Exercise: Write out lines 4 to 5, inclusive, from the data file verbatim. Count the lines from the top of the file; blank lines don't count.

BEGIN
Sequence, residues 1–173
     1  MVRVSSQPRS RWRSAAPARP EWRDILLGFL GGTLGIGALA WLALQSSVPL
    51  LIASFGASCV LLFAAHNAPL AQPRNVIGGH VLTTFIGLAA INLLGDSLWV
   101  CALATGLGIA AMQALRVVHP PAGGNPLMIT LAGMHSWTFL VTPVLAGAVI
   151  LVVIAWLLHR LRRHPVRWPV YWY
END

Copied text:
   101  CALATGLGIA AMQALRVVHP PAGGNPLMIT LAGMHSWTFL VTPVLAGAVI
   151  LVVIAWLLHR LRRHPVRWPV YWY